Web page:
NEW: You can now get a summary of all COVID-19 data by neighborhood or ZIP code. Find out how COVID-19 has affected your community:
NOTE: In an effort to focus on the most relevant data in these pages, we have recently removed some visualizations. You can still get these data in our Github repository.
This page shows the latest data on COVID-19 in New York City. We update data every day in the early afternoon. You can also download our data and technical notes on Github.
The table below compares the most recent week of key data to the weekly averages for the last four weeks.
Defining Confirmed and Probable Cases and Deaths
COVID-19 cases and deaths are categorized as probable or confirmed.
Types of Tests
Cases are defined differently based on the type of test used to detect COVID-19.
Molecular tests, such as PCR tests, are the most reliable way to test for COVID-19. Someone who tests positive for the virus with a molecular test is classified as a confirmed case. These tests look for genetic material from the virus that causes COVID-19 (SARS-CoV-2). Unless otherwise specified, data on test counts, test rates and percent positivity only reflects molecular testing.
Antigen tests are faster than molecular tests but can be less accurate. These tests look for proteins on the surface of the SARS-CoV-2 virus. Someone who tests positive with an antigen test is classified as a probable case.
Antibody tests check the blood for signs that you have had the virus in the past. An antibody test may not be accurate for someone with active or recent infection. Someone who tests positive with only an antibody test — and not a diagnostic test — is not classified as a probable or confirmed case.
These data show the percent of people given a molecular test who tested positive, by ZIP code, for the most recent seven days of available data. The borough comparison charts include data by ZIP code from the past three months.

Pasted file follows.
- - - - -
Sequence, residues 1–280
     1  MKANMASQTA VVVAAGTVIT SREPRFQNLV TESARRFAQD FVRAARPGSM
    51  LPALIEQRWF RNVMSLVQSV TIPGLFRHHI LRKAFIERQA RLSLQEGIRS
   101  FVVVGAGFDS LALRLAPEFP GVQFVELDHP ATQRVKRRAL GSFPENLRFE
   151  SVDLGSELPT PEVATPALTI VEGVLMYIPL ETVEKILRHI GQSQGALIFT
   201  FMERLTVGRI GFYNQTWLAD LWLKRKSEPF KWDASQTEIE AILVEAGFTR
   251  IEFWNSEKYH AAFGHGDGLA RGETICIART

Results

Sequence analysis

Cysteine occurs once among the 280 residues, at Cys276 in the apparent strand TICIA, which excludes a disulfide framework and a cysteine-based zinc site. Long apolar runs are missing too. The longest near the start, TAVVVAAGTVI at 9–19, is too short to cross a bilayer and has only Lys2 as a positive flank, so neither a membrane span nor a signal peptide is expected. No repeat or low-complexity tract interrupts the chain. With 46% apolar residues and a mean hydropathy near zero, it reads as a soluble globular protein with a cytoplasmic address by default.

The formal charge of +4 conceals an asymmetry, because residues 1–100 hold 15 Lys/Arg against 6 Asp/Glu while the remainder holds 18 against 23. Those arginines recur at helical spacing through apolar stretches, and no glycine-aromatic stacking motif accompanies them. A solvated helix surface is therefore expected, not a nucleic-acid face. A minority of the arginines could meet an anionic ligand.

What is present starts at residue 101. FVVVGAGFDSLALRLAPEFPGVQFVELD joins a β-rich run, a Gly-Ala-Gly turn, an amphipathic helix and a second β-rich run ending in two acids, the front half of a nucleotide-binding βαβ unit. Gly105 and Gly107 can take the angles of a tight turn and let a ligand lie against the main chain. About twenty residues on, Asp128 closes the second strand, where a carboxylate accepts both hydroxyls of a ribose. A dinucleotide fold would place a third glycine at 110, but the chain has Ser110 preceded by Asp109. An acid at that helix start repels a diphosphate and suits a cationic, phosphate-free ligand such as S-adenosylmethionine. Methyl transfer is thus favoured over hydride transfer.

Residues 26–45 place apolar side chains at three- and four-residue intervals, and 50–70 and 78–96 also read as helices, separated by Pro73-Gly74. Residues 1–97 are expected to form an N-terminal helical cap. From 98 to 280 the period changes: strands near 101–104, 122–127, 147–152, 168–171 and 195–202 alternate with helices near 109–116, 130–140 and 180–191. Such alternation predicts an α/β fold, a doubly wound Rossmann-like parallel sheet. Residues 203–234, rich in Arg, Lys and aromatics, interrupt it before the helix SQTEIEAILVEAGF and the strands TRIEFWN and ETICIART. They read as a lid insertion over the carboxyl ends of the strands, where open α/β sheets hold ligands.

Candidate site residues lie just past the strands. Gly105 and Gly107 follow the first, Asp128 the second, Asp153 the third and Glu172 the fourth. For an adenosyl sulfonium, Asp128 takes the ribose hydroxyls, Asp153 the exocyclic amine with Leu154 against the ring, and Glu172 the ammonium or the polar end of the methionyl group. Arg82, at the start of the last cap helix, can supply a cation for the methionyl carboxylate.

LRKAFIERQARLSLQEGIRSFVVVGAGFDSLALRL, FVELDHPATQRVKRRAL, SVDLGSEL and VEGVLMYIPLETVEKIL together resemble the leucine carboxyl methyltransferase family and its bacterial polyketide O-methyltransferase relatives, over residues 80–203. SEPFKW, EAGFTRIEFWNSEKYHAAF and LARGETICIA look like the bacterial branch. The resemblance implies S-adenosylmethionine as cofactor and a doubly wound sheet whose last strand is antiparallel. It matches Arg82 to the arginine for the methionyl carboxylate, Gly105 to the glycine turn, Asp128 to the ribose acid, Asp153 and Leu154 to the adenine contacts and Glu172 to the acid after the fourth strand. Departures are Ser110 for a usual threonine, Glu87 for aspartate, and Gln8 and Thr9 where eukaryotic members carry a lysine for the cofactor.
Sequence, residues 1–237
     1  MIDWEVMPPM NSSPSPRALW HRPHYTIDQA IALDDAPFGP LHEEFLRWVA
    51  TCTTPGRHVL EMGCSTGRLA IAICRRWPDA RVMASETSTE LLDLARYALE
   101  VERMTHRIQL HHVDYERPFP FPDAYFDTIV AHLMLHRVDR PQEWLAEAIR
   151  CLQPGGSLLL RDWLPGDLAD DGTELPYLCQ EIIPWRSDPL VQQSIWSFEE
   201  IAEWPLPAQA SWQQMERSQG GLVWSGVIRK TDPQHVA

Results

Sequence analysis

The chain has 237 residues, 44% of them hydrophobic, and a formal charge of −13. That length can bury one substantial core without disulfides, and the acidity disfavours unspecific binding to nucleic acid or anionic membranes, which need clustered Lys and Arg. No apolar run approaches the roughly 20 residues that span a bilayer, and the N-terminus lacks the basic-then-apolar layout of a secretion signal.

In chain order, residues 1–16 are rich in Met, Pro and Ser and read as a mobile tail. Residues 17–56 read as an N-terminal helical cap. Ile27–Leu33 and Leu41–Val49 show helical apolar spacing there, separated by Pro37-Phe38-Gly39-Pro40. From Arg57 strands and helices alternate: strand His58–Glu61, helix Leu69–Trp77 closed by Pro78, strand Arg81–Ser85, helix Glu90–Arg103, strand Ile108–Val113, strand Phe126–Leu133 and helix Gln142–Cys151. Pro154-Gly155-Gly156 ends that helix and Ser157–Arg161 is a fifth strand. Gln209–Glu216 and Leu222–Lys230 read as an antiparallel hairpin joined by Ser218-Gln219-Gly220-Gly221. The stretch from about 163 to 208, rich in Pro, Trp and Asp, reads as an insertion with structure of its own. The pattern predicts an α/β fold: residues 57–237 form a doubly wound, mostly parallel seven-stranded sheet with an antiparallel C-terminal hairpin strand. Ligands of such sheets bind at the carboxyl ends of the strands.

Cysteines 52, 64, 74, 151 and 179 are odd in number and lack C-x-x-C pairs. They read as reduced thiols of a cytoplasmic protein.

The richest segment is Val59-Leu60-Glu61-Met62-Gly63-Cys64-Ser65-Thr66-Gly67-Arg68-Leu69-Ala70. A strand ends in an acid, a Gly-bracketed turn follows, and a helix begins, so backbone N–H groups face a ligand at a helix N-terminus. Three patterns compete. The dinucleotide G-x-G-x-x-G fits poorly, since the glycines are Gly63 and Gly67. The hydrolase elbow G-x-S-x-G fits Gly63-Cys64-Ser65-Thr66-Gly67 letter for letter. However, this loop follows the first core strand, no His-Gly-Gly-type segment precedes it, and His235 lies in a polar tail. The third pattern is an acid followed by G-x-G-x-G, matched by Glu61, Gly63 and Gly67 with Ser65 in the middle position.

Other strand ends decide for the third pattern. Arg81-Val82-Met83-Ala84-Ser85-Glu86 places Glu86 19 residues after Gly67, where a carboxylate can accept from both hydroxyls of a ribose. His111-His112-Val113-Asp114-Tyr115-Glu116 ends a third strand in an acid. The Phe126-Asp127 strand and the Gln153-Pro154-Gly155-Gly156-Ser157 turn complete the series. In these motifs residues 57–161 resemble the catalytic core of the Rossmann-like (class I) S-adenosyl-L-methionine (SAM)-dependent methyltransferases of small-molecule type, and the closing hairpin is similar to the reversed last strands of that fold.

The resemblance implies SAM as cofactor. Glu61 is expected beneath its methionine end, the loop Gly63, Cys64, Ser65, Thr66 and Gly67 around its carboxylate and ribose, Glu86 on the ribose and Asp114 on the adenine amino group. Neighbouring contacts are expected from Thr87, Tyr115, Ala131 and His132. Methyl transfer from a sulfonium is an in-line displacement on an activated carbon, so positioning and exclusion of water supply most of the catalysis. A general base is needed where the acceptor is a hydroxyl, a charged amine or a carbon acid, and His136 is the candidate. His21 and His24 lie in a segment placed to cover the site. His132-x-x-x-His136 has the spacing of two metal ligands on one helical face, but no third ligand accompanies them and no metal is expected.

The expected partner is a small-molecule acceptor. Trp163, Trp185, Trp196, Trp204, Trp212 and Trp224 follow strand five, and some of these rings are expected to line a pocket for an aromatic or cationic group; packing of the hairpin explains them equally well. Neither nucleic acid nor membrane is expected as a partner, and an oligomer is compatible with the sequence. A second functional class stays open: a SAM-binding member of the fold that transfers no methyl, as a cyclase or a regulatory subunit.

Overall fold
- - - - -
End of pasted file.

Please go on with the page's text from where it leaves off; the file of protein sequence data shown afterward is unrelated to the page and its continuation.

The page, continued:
The data also show the rate of people given a molecular test during the most recent seven days. A neighborhood is considered to have adequate testing when at least 260 residents per 100,000 have been tested in the past week. This metric of adequate testing may change depending on future testing data.
This map and table show hospitalization rates and death rates over 28 days. To accommodate standard reporting delays for hospitalization and death data, these are published at a 14-day lag.
The charts below show the daily number of cases, hospitalizations and deaths over the past three months citywide and for each borough. This data includes both confirmed and probable cases and deaths, based on molecular and antigen testing, respectively. Due to delays in reporting, which can take as long as a week, recent data are incomplete.
This chart show the number of people tested by molecular tests and antigen tests.
These charts show percent positivity and test rate for molecular tests.
These charts show people who visited the emergency department with clinical signs and symptoms consistent with COVID-19 illness (including flu-like illnesses and pneumonia) during the past three months, and those who were then admitted to the hospital. While some of these people did not have a positive molecular or antigen test, these charts can be an early warning sign for community transmission of COVID-19.
About the Data: All of the data on these pages were collected by the NYC Health Department. Data will be updated daily but are preliminary and subject to change.
Reporting Lag Time: Our data are published with a three-day lag, meaning that the most recent data in today's update are from three days before.
This lag is due to the standard delays (up to several days) in reporting to the Health Department a new test, case, hospitalization or death. Given the delay, our counts of what has happened in the most recent few days are artificially small. We delay publishing these data until more reports have come in and the data are more complete.
Health Inequities in Data: Differences in health outcomes among racial and ethnic groups are due to long-term structural racism, not biological or personal traits.
Structural racism — centuries of racist policies and discriminatory practices across institutions, including government agencies, and society — prevents communities of color from accessing vital resources (such as health care, housing and food) and opportunities (such as employment and education), and negatively affects overall health and well-being. The disproportionate impact of COVID-19 on New Yorkers of color highlights how these inequities negatively influence health outcomes.